X.Org Server To See New CI-Driven Automated Release Cycles, Big Version Numbers
Written by Michael Larabel in X.Org on 10 October 2019 at 04:00 AM EDT. 22 Comments
X.ORG --
There hasn't been a major release of the X.Org Server now in 17 months... Not because there haven't been any changes (in fact, a lot of GLAMOR and XWayland work among other fixing) but because no one has stepped up as release manager to get the next version out the door. But to workaround that, developers are looking at moving the X.Org Server to purely time-based releases and letting their continuous integration testing be the deciding factor on if a release is ready to ship.

Adam Jackson of Red Hat proposed at last week's XDC2019 the idea of having these new, effectively automated X.Org Server releases. The xorg-server releases would get back on to their six-month release cadence and be largely autonomous with sticking to the release timeframe and just ensuring the testing gets done by way of their CI system to ensure the X.Org Server is in good shape for releasing.

Of course, it assumes the X.Org Server CI is in good shape. The continuous integration around the X.Org projects has improved in recent years a lot, so it should be able to weed out many prominent issues at least. But given the wide driver support spectrum and many different hardware configurations over the years, it's not going to ensure a 100% bug-free experience. Additionally, there is simply a lot of crufty code in the X.Org Server that has built up now for over two decades. But, hey, getting releases out is at least better than nothing at all or waiting close to two years between versions.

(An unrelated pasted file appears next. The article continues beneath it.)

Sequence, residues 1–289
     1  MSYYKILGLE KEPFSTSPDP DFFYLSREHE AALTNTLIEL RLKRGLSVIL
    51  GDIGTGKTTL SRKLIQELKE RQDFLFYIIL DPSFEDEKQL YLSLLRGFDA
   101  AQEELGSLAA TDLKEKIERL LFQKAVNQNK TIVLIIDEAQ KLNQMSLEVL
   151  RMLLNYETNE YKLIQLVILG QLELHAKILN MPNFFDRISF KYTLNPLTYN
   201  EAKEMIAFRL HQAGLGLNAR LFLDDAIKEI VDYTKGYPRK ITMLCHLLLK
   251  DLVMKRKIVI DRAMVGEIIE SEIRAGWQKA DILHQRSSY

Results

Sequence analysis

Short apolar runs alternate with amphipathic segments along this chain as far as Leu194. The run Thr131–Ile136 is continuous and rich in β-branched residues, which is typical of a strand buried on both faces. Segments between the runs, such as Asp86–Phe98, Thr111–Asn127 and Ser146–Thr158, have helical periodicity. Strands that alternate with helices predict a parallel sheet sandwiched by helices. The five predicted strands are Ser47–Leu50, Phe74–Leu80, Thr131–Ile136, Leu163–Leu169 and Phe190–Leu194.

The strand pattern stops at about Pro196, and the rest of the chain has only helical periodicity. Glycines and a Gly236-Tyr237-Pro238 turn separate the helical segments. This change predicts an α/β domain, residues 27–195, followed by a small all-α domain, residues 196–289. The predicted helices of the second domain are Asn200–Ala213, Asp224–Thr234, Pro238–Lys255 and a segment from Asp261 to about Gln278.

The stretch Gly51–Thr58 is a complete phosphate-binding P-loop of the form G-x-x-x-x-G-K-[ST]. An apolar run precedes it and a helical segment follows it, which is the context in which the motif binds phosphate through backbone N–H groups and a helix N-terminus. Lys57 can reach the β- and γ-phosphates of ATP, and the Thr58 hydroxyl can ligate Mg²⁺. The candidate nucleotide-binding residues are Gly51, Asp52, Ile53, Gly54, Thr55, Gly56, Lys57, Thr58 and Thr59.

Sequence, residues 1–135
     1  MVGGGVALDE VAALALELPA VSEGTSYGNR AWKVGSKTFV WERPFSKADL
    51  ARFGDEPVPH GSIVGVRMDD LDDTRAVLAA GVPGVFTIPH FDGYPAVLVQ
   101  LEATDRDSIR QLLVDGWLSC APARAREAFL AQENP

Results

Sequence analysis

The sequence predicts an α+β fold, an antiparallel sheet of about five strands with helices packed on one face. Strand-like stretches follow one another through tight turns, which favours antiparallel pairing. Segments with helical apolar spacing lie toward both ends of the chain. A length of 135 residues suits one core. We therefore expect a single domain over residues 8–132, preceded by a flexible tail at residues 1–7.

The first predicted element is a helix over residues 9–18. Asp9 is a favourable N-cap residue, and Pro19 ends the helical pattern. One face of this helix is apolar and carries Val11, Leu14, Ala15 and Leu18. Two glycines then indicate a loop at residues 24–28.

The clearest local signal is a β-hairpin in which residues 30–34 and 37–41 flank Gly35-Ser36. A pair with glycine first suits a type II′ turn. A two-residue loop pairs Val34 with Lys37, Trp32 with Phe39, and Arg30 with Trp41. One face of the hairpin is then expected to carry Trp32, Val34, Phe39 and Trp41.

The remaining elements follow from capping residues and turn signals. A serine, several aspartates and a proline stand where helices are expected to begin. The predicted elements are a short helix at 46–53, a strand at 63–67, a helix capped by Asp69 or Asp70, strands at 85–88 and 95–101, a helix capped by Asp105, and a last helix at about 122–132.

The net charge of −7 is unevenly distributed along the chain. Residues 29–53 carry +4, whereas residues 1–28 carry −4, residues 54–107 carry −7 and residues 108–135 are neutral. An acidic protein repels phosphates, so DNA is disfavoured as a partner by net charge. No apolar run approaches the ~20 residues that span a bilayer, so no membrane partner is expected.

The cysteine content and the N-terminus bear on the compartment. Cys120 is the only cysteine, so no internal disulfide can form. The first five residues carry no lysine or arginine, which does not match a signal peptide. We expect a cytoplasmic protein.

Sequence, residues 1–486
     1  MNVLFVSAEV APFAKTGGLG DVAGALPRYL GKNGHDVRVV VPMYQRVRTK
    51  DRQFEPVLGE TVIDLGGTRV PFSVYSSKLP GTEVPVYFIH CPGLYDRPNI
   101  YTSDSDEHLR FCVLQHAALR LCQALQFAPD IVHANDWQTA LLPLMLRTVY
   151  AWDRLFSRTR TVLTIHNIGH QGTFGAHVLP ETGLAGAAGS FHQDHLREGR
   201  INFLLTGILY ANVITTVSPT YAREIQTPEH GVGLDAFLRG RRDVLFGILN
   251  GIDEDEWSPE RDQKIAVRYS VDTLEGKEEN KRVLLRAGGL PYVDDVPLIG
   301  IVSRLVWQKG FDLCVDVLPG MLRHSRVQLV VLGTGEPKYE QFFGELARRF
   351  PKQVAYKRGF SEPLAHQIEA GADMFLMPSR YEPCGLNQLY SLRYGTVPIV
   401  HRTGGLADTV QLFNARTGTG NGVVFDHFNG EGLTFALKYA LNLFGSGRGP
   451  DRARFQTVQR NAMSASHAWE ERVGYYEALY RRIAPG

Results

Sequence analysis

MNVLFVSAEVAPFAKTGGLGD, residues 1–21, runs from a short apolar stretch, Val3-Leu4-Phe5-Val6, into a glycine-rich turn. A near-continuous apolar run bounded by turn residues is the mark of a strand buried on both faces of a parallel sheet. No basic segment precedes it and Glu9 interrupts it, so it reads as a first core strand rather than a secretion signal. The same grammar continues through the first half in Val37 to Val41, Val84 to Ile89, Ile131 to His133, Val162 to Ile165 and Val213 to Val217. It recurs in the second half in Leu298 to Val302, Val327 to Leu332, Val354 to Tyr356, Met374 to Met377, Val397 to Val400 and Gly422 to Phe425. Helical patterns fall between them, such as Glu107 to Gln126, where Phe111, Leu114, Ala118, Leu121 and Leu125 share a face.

Also giving this new release process some saneness is that X.Org Server development is on the decline with more developers focusing now on Wayland support. The X.Org Server still sees a lot of work around GLAMOR 2D acceleration, XWayland support, input, and other bits but not nearly as much churn as was seen years ago. So with no wild changes expected ahead for the X.Org code-base, this new release process largely relying upon CI to "mark it green" may work out.

In addition to the CI-driven releases, Jackson also proposed shifting to time/date based versioning similar to Mesa. Thus X.Org Server 1.21 isn't expected to be the next version but rather X.Org Server 19.0 if they ship a release this year otherwise X.Org Server 20, then X.Org Server 20.0.1, etc.

These xorg-server release plans are outlined on the mailing list.
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Michael Larabel is the principal author of Phoronix.com and founded the site in 2004 with a focus on enriching the Linux hardware experience. Michael has written more than 10,000 articles covering the state of Linux hardware support, Linux performance, graphics drivers, and other topics. Michael is also the lead developer of the Phoronix Test Suite, Phoromatic, and OpenBenchmarking.org automated benchmarking software. He can be followed via Twitter or contacted via MichaelLarabel.com.

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